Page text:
In some areas, local authority sites are being closed without alternative provision for the residents being made. In London, there has been a sharp decline in the number of pitches: 76 were lost in the 10 years to 2004, according to the London Gypsy and Traveller group and sites in Newham and Hackney on land needed for the Olympic Games are threatened with imminent closure, with no agreement on how they are to be relocated. It would be ironic if the Olympic Games, which were touted as a means of reducing social deprivation in London, were to decrease further the supply of accommodation for the most deprived community of all. I hope that Ministers will knock heads together, particularly in the LDA, to see that that does not happen.
I mentioned that case to indicate that the longer it takes to mobilise social landlords, the bigger the task confronting them will be. They cannot really get going until the local authority has been through the needs assessment and has produced the development plan document identifying the land needed for the purpose. In the mean while, they might occasionally be able to use Circular 1/06, as described in the Planning Inspectorate letter of 24 July, to get planning permission on suitable land that has not yet been designated in the DPD. However, as with private individuals, that approach means additional trouble and expense and might sour relationships between social landlords and local authorities.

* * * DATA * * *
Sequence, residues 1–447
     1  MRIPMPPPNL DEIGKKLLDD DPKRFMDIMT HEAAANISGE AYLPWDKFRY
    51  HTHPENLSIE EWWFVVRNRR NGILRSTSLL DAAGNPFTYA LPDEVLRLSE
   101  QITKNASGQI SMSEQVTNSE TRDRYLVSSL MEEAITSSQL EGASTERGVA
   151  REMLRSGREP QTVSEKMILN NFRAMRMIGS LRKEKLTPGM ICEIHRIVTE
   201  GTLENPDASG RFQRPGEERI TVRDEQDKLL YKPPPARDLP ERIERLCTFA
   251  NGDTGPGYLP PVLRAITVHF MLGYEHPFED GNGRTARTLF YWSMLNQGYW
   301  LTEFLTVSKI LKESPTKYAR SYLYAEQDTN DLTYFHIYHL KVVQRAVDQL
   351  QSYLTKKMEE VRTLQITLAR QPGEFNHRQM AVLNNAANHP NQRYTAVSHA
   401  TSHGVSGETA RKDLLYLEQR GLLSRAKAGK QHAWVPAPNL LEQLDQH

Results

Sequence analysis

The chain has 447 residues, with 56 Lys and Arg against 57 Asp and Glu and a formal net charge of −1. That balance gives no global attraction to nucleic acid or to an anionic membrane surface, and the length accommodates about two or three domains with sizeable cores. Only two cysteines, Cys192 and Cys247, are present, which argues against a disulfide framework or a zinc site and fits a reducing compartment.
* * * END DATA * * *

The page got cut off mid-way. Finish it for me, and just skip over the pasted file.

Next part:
That brings me to the question of whether RSLs are going to come forward in sufficient numbers and with sufficient resources to match the need. During the passage of the Housing Bill, the Government rejected a proposal to give local authorities a reserve power to develop sites in areas where the need for rented pitches was not being met, so RSLs are assumed to be capable of rising to the challenge and providing rented sites throughout the country. At the meeting of the all-party group, we were told that there